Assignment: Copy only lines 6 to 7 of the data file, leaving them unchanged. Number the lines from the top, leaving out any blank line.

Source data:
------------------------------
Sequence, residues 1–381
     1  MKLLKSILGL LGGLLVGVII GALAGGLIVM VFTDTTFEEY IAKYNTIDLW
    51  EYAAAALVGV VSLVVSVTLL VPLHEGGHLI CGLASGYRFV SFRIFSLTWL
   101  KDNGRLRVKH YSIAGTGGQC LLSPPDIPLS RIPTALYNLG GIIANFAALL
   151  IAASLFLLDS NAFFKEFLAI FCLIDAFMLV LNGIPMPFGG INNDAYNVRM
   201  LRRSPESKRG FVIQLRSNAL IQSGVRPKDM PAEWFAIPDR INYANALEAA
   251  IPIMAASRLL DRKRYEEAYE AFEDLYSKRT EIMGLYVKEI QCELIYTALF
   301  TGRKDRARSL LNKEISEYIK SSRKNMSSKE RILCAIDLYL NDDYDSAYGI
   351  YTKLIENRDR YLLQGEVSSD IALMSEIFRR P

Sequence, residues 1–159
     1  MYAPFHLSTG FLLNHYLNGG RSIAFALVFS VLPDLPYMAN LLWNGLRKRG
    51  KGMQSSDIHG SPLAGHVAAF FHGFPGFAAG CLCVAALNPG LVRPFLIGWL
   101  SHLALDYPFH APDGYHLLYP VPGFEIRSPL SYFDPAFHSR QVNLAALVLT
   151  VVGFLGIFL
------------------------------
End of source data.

   201  LRRSPESKRG FVIQLRSNAL IQSGVRPKDM PAEWFAIPDR INYANALEAA
   251  IPIMAASRLL DRKRYEEAYE AFEDLYSKRT EIMGLYVKEI QCELIYTALF